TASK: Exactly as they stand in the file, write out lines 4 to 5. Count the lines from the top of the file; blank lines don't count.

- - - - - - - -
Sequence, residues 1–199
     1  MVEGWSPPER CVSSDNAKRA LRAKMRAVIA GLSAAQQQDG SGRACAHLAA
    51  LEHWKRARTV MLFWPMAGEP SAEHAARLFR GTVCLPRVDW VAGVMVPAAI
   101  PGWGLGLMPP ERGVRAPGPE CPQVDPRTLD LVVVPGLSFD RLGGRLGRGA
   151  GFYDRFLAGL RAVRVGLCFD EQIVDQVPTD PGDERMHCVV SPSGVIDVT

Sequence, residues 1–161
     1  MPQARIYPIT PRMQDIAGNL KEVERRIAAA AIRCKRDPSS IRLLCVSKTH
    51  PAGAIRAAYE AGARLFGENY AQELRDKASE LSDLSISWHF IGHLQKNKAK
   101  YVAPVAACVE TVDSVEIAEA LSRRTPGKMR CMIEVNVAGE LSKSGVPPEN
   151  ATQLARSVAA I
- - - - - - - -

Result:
   101  PGWGLGLMPP ERGVRAPGPE CPQVDPRTLD LVVVPGLSFD RLGGRLGRGA
   151  GFYDRFLAGL RAVRVGLCFD EQIVDQVPTD PGDERMHCVV SPSGVIDVT